U.S. stocks began the week with a solid rally, shrugging off a surprising drop in new home sales ahead of the first semi-annual Congressional monetary policy testimony from the new Fed Chief, Jerome Powell. Treasury yields were mostly lower, though the U.S. dollar was flat and crude oil prices and gold were all higher. Dean Foods was under some pressure after releasing a disappointing quarterly report, while in M&A action, Spectrum Brands Holdings and HRG Group announced an agreement to merge and Qualcomm proposed further engagement with Broadcom.

The Dow Jones Industrial Average (DJIA) surged 399 points (1.6%) to 25,709, the S&P 500 Index rallied 32 points (1.2%) to 2,780, and the NASDAQ Composite ascended 84 points (1.1%) to 7,421. In moderate volume, 813 million shares were traded on the NYSE and 1.9 billion shares changed hands on the NASDAQ. WTI crude oil gained $0.36 to $63.91 per barrel and wholesale gasoline added $0.02 to $2.00 per gallon. Elsewhere, the Bloomberg gold spot price was $4.73 higher at $1,333.44 per ounce, and the dollar Index—a comparison of the U.S. dollar to six major world currencies—was nearly unchanged at 89.86.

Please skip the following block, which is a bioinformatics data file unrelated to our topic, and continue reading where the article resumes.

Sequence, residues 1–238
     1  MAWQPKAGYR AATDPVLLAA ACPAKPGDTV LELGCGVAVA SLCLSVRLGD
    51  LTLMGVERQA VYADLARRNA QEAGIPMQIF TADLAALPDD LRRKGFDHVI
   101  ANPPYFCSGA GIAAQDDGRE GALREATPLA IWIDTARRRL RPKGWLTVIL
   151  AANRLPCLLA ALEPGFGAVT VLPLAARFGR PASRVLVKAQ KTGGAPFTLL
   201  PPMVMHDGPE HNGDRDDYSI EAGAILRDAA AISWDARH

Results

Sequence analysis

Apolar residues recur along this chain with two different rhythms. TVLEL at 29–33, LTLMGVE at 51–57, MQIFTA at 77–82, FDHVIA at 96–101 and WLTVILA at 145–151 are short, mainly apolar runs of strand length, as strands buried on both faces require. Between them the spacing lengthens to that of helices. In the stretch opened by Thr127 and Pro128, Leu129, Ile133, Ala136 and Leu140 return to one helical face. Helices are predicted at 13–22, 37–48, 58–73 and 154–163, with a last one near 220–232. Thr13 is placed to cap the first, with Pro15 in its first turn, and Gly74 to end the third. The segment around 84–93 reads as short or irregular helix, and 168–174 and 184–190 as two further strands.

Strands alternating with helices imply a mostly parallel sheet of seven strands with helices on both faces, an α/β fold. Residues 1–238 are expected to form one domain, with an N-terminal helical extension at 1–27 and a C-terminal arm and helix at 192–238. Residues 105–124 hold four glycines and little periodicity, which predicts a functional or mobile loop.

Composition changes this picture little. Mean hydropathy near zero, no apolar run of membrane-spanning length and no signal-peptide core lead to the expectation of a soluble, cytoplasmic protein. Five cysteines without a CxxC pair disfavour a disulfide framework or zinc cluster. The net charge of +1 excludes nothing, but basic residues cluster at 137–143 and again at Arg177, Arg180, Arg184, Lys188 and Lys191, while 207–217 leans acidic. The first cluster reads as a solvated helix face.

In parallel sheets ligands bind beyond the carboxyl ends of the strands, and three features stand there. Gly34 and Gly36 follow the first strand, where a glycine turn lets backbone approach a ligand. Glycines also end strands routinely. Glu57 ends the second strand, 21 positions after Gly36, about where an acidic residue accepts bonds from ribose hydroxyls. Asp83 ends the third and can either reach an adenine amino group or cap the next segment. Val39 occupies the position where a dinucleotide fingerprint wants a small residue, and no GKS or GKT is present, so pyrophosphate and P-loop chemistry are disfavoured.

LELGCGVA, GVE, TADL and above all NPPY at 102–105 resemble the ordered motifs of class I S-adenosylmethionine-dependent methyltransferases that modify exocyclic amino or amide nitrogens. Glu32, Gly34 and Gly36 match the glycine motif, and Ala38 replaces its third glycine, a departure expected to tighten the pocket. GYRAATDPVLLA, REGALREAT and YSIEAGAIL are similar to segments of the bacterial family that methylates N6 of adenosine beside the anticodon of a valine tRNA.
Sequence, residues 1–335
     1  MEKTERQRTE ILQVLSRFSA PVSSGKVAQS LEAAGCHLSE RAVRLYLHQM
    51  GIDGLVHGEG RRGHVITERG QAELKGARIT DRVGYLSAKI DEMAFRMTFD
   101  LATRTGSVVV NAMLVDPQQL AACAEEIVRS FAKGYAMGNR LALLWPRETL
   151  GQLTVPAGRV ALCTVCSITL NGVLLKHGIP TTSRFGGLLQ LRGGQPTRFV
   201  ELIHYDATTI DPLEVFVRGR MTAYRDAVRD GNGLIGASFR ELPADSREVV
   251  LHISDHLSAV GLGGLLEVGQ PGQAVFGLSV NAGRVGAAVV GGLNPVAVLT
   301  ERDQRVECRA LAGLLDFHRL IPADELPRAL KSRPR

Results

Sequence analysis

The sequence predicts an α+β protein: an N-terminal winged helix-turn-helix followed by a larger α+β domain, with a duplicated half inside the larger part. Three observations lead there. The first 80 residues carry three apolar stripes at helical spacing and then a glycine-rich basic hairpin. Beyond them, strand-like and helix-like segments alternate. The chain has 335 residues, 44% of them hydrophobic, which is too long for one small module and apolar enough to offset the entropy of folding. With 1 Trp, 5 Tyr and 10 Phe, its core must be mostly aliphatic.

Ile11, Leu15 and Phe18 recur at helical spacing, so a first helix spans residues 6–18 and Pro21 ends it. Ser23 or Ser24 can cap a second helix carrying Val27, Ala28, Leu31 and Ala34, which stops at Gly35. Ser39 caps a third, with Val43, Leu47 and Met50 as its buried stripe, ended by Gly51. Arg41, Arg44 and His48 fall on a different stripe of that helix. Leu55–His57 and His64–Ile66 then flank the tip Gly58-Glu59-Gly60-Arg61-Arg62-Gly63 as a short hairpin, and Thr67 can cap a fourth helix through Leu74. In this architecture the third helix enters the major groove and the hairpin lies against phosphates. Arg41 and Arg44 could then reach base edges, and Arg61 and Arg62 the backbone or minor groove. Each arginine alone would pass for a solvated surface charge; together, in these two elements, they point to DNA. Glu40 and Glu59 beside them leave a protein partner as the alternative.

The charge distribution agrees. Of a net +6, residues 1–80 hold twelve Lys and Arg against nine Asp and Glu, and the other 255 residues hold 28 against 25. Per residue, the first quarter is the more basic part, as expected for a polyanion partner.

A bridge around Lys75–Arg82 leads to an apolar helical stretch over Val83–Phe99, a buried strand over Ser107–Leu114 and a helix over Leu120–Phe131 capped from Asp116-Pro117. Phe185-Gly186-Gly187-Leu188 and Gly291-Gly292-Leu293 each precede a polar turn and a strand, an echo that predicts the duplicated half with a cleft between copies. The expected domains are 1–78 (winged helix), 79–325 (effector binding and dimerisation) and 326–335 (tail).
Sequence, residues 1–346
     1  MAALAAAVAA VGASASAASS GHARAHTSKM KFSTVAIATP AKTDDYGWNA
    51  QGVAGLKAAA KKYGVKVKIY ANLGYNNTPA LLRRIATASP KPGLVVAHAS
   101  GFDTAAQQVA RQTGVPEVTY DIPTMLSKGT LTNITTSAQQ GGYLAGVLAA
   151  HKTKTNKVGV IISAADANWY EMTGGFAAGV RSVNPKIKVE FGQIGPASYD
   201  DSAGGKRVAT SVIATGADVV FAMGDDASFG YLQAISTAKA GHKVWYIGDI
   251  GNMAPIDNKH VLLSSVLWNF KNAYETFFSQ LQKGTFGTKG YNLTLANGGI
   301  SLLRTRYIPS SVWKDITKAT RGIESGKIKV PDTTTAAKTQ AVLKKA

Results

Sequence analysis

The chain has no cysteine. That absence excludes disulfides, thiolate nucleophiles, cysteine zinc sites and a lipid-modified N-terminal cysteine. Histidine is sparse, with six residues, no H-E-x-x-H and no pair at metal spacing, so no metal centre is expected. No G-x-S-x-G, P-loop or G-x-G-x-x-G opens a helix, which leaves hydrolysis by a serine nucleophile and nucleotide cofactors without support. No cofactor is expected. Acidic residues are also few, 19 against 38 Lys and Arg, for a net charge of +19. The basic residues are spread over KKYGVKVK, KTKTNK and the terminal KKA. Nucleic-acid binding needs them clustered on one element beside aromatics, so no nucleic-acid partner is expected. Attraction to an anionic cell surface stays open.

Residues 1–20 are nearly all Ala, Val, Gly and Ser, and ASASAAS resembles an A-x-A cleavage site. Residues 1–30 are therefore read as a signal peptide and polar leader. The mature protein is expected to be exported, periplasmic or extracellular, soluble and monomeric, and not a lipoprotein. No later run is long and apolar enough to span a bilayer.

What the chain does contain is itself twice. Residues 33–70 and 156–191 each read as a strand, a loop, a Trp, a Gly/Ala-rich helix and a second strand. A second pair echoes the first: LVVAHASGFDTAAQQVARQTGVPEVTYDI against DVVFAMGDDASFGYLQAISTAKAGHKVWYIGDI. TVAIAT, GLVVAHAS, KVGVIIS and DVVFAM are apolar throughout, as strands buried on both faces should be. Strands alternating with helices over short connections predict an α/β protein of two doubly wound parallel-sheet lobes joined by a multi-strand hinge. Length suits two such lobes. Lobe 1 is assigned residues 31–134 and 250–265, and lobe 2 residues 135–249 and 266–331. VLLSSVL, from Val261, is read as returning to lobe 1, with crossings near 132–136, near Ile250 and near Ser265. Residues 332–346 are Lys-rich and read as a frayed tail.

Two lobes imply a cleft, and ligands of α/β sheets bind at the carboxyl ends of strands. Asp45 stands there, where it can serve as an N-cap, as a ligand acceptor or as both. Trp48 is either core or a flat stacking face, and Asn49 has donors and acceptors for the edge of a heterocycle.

New home sales dropped 7.8% month-over-month (m/m) in January to an annual rate of 593,000 units, versus the Bloomberg forecast calling for 647,000 units and the upwardly revised 643,000 unit pace in December. The median home price was up 2.5% y/y to $323,000. New home inventory rose to 6.1 months of supply at the current sales pace from 5.5 in December. Sales fell m/m in the South and tumbled in the Northeast, while rising solidly in the Midwest and nudging higher in the West. New home sales are based on contract signings instead of closings, and were likely bogged down by the recent rally in interest rates, which is adding to the pressure on affordability along with the steady appreciation in home prices. The rough winter weather in the east likely also weighed on home buying activity.

Treasuries traded mostly higher, with the yields on the 2-year and 10-year notes declining 1 basis point to 2.23% and 2.86%, respectively, and the 30-year bond rate was nearly unchanged at 3.16%.

Schwab Center for Financial Research – Market Analysis Group

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